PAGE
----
5 Amazing National Parks to Visit in the Spring

Now is the time for people to emerge from their winter hibernation and discover new places and adventures. Some parks reach their peak this season—when crowds are just right, wildflowers are blooming, and wildlife is moving. All of these are ideal conditions to enjoy the great outdoors in your RV.

Carlsbad Caverns National Park, New Mexico

Carlsbad Caverns National Park, New Mexico © Rex Vogel, all rights reserved

Carlsbad Caverns National Park, New Mexico © Rex Vogel, all rights reserved

Go underground at Carlsbad Caverns, a magical world of mysterious passageways, colossal rock formations, crystal-clear pools of water, and giant subterranean chambers. Explore a whole new world over 700 feet below the ground made up of 117 known caves. Most of the formations—or speleothems—found inside Carlsbad Cavern today were active and growing during the last ice age when instead of having a desert above the cave, there were pine forests.

Spring is the time to go for the best chances to see bats. The park is best known for protecting the third and seventh largest cave chambers in the world. The park is also known for its star party events and night sky programs.

Capitol Reef National Park, Utah

Capitol Reef National Park, Utah © Rex Vogel, all rights reserved

Capitol Reef National Park, Utah © Rex Vogel, all rights reserved

Capitol Reef received its name in part from the great white rock formations resembling the U.S. Capitol building and from the sheer cliffs that presented a barrier to early travelers. However, it is the park’s multi-colored sandstone that earned it the nickname, “land of the sleeping rainbow”.

The park runs along a huge buckle in the earth’s crust called the Waterpocket Fold. This noteworthy geologic feature is a wrinkle in the earth’s crust. Layer upon layer of rock folded over each other. This 100-mile-long— but relatively narrow—feature takes its name from the countless small bowl-like depressions, the small potholes that hold rainwater and snowmelt.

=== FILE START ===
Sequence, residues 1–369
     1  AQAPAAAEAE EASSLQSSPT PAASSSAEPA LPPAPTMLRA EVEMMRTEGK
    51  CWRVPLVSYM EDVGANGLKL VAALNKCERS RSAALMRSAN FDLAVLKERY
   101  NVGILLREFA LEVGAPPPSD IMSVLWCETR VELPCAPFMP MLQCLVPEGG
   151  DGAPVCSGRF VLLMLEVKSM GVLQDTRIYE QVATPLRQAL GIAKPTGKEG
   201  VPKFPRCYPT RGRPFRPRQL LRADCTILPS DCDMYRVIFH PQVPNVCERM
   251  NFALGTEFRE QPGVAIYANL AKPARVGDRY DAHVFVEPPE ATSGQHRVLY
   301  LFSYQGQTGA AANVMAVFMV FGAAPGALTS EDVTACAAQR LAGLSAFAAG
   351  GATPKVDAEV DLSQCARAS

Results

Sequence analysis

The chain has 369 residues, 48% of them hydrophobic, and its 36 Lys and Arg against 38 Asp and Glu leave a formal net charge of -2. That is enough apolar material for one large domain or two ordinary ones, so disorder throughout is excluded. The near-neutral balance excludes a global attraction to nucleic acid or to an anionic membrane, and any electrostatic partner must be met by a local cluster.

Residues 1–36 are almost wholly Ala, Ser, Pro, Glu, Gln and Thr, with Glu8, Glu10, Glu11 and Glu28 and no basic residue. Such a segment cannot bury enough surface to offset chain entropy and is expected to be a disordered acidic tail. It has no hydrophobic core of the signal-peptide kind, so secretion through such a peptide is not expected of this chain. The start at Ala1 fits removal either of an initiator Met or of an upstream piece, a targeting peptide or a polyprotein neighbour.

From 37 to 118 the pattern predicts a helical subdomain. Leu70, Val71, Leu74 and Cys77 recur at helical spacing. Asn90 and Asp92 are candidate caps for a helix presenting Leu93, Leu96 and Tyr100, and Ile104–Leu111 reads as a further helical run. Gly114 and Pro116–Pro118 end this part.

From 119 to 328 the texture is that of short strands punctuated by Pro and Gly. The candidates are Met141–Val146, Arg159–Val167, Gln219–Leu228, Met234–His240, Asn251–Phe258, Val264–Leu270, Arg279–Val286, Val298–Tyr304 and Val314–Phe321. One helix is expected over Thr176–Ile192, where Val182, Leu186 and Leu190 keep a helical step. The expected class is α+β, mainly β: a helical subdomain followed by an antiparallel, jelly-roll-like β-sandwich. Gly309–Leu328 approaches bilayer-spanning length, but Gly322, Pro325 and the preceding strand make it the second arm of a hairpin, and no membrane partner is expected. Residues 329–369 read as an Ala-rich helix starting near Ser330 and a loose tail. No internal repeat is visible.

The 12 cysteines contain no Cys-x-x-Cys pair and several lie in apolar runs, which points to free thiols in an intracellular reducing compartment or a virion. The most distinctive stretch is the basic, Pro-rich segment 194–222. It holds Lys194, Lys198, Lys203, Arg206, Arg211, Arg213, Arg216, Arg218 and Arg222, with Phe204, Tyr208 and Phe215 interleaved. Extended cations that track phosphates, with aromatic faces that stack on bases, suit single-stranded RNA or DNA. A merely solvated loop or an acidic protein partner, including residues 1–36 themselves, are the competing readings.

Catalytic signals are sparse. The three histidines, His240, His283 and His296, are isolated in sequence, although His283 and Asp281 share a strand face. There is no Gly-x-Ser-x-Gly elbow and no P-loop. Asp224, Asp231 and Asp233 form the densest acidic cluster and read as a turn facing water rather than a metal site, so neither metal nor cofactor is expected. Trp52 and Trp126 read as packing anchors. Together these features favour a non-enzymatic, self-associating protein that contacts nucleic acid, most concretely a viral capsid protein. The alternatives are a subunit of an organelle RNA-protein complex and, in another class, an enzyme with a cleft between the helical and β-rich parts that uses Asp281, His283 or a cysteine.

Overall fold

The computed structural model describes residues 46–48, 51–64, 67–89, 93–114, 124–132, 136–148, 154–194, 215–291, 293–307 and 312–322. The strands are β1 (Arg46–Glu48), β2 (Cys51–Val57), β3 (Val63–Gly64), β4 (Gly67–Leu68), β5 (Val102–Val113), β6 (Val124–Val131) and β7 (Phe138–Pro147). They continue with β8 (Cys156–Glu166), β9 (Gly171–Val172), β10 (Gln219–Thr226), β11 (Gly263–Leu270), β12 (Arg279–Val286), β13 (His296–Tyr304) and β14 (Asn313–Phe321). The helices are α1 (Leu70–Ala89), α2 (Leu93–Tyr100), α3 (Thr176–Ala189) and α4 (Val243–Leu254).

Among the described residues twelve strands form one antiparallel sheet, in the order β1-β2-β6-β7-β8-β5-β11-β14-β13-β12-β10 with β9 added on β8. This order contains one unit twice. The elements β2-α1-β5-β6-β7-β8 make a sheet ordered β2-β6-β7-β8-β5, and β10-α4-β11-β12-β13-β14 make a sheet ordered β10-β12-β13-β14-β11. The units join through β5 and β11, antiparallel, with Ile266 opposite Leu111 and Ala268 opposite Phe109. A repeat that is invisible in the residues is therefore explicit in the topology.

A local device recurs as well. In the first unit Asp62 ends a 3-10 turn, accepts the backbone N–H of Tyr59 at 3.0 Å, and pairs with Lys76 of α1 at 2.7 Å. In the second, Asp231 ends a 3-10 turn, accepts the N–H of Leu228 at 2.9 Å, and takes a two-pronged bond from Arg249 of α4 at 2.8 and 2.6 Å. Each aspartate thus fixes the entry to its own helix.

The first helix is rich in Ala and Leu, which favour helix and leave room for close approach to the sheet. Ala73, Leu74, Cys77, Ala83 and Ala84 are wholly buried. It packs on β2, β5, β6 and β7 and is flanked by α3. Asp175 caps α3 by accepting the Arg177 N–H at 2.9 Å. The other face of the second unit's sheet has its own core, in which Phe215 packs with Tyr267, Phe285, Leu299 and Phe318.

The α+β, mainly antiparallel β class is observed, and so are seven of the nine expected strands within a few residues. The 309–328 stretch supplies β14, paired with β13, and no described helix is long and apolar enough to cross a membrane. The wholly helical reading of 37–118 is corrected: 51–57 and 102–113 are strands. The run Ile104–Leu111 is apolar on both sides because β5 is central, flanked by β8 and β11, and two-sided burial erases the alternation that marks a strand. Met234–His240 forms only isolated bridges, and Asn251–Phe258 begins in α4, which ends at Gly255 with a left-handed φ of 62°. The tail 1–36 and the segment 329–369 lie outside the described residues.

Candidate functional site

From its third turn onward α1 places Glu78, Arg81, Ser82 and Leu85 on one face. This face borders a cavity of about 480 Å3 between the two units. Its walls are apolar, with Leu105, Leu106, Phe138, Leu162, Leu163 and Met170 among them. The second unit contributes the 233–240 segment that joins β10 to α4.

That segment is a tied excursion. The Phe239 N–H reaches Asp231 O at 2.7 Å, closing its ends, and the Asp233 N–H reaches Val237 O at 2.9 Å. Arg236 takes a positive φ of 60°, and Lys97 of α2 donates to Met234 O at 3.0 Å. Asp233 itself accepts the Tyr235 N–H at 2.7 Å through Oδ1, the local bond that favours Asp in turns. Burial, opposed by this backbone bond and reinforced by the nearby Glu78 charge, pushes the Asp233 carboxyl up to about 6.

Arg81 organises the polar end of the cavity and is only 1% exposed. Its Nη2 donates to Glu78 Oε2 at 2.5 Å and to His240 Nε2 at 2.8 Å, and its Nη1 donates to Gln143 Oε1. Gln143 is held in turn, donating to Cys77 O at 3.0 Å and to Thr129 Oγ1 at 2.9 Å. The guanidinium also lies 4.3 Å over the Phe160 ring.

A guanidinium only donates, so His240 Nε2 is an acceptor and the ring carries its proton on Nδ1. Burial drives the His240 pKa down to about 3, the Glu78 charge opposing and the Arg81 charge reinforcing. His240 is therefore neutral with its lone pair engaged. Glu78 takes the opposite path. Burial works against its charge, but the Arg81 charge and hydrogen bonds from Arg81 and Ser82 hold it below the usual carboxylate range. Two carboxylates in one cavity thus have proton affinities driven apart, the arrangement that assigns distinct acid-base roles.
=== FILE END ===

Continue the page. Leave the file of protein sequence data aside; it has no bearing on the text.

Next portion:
Joshua Tree National Park, California

Joshua Tree National Park, California © Rex Vogel, all rights reserved

Joshua Tree National Park, California © Rex Vogel, all rights reserved

Joshua Tree is a diverse area of sand dunes, dry lakes, flat valleys, extraordinarily rugged mountains, granitic monoliths, and oases. The park is home to two deserts: the Colorado which offers low desert formations and plant life, such as ocotillo and teddy bear cholla cactus; and the Mojave. This higher, cooler, wetter region is the natural habitat of the Joshua tree.

The different elevation throughout the park cause flowers to bloom at different times, with the low elevation flowers blooming earlier than higher elevation flowers. Catch a glimpse of the teddy bear cholla at the low elevations and head to higher ground to see blooms in April May.

Grand Canyon National Park, Arizona

Grand Canyon National Park, Arizona © Rex Vogel, all rights reserved

Grand Canyon National Park, Arizona © Rex Vogel, all rights reserved

Admire the grandeur and wonders of the Grand Canyon, a powerful and inspiring landscape that overpowers our senses through its immense size. You won’t find similar mixtures of color and erosional formations anywhere else. The canyon is 277 river miles long, up to 18 miles wide, and about a mile deep, according to the National Park Service.

A universally recognizable iconic destination, Grand Canyon National Park is a true marvel of nature. Just about everywhere you look the views are amazing and the sheer size of it can be overwhelming.

Great Smoky Mountains National Park, Tennessee/North Carolina

Great Smoky Mountains National Park, Tennessee/North Carolina © Rex Vogel, all rights reserved

Great Smoky Mountains National Park, Tennessee/North Carolina © Rex Vogel, all rights reserved

The Great Smoky Mountains is the most visited national park in the country. People come for the more than 800 miles of recreation trails that wind through breathtaking scenery, and beautiful wildflowers. In fact, the park is home to the largest number of flowering plants of any park in the country—more than 1,600 different species.

On the Tennessee side of the Great Smoky Mountains, tens of thousands of horny, synchronous fireflies put on a psychedelic fireworks show. They gather near the Elkmont Campground (approximately 6 miles from Sugarlands Visitor Center), flashing simultaneously as part of a two-week mating ritual that lights up the entire forest and draws spectators from around the world. Visit between late May and mid-June, and make reservations in advance.

Worth Pondering…

I go to nature to be soothed and healed, and to have my senses put in order.

—John Burroughs

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